Maybe they were the bully on the school bus. Maybe they were the kid who only felt good when they were putting other people down. Maybe a tone of self righteousness couched in policy making and social commentating gives them a sense of power that they crave and need. Maybe they need to understand that the bullying that left them feeling angry and empty when they were younger is not going to fulfill them as an adult. Maybe they need to direct their anger elsewhere. Maybe they need to find another outlet rather than the convenient punching bag of someone who is too busy trying to survive to fight back.

Whatever.

Whatever the reason, it needs to stop. Heaping shame and humiliation on those living in poverty isn’t productive. No one has ever solved a problem when coming from a place of judgement and contempt. But the bullies don’t get this. The bullies need to be called out. We tell our kids to stand up for those who can’t stand up for themselves. We tell them to “Stand Up and Speak Out.” Maybe it’s time for us to say something. Most of us are good people. We’re appalled when we hear racial epitaphs. We cringe when we hear a sexist remark. We wince when we hear a gay slur. It’s time we started reacting to the words and actions used against the poor. It’s time we stop accepting the false arguments that have been touted as justification for poor shaming.

Vernacular can be changed.

Mindsets can be altered.

Empathy is a skill that can be learned.

Kindness can grow and spread.

Assumptions can be examined.

Bullies can change.

Poor shaming can be called out as discrimination.

We can vote.

We can stand up.

We can speak out.

 

9841f8ed0efc6a0f8f398260b6652ad5

Follow my blog with Bloglovin

25 Comments

  1. GURL, you have such an amazing voice. You must consider writing for the Sisterwives blog! I hope you do. I love the mosaic that is your blog. This was a smart and inspiring post. xoxo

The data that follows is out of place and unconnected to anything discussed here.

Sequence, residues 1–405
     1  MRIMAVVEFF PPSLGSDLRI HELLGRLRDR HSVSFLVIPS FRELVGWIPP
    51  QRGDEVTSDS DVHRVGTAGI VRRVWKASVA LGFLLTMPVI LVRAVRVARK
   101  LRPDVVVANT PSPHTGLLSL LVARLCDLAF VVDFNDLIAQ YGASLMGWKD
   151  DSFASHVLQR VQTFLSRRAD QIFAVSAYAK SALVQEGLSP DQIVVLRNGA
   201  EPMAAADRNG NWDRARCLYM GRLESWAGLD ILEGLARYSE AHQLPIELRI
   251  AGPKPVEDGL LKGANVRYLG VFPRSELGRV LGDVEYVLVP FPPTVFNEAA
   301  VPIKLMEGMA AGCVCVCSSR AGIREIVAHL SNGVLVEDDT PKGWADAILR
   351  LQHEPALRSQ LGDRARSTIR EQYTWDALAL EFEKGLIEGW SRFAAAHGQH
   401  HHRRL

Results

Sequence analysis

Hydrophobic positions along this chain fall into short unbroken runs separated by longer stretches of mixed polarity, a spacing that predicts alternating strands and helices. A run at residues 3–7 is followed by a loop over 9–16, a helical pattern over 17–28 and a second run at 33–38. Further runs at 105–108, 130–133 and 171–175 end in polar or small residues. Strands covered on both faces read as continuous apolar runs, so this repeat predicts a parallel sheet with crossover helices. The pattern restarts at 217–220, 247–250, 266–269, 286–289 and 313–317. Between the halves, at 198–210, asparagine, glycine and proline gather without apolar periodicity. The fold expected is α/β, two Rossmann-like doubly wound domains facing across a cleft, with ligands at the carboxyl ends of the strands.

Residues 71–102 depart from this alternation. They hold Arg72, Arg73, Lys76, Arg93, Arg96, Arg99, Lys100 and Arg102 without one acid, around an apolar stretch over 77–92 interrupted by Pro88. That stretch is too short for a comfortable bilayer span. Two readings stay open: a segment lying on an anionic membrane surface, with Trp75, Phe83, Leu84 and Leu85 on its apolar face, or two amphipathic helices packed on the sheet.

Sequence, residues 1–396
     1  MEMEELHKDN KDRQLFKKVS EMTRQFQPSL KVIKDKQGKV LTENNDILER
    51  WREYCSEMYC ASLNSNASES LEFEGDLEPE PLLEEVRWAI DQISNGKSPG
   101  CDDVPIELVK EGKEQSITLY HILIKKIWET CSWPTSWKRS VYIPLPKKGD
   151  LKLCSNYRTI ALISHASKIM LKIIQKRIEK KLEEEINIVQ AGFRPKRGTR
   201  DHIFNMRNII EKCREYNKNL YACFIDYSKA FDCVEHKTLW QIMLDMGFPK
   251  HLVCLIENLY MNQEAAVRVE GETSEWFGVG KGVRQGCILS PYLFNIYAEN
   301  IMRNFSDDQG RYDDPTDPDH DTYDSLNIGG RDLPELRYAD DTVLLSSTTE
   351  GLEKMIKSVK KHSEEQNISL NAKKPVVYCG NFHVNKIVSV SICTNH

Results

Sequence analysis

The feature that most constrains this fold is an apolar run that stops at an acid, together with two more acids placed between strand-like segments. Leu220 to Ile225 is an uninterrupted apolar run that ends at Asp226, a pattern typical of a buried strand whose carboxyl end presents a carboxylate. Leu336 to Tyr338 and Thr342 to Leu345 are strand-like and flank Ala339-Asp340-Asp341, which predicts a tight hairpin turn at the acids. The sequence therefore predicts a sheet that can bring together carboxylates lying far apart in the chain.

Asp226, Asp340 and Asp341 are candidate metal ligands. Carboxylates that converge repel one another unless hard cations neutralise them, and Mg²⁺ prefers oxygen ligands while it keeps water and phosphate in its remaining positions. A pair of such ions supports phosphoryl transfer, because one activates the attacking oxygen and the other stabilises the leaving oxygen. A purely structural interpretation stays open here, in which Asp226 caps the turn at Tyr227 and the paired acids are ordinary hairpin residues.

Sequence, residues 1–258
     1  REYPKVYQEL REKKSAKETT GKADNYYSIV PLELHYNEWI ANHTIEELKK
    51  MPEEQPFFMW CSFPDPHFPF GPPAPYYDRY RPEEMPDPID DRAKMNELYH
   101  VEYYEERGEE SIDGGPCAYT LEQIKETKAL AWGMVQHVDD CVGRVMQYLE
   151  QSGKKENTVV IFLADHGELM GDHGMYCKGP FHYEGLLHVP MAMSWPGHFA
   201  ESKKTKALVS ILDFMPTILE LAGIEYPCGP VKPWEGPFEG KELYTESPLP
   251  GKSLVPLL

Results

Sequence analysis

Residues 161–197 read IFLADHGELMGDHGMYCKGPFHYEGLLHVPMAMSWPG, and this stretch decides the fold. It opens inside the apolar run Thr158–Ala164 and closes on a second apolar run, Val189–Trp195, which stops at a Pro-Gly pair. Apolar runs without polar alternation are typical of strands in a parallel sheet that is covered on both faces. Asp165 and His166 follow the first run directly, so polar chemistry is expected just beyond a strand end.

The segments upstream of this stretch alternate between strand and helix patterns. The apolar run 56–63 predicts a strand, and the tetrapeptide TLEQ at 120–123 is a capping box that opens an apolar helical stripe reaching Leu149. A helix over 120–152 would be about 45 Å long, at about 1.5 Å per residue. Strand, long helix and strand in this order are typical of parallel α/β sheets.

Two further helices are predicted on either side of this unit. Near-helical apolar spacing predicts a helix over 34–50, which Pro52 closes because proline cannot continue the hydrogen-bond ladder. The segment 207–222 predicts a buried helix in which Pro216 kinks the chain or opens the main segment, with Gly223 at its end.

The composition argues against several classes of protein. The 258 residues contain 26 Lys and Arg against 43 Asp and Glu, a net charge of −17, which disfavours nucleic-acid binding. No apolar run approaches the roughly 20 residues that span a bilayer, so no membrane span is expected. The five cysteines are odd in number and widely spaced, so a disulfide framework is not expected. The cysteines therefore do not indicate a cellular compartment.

Like

    1. Thank you soooo much Beth. I definitely want to write a guest post for the amazing Sisterwives blog! What you guys are doing is so exciting and so, so cool. Samara mentioned it to me a while ago and said she would email me to talk about it. I have some ideas but definitely have some questions about the content. I had told her months ago that there were things I couldn’t write about on here but that I felt an urge to write about. So I have a few questions about if what I was considering would be appropriate for what you guys are trying to put out there. If not, I know I can come up with some other topics. Either way, it would be an honor to share that space for a little while with you guys! xo

      Like

      1. I doubt there is a subject the sisterwives wouldn’t be proud to tackle! Please submit to us! We have a submissions link at the top of the blog….we’ll be waiting for the Great Gretchen…..

        xoxo

        Like

  2. This is really powerful writing…I’m moved to the point of being sick to my stomache over those who would have a child go hungry in order to feel superior. That’s not good policy, that’s sociopathy.

    And you are so right that we all need to start calling these hate-spewing bigots out. No more.

    Well, done, Gretchen.

    Like

  3. I’m with you on everything but one thing, here. Equating the term “inner city” to minorities seems to be a slap at minorities…like minorities are the only people who live in inner cities. That’s just not true. White people live in inner cities, too. The rest of his quote is BS, though. Sure there are some people who take advantage of the system and don’t want to work, but the majority of them just want a job which provides enough money for them to live comfortably.

    Like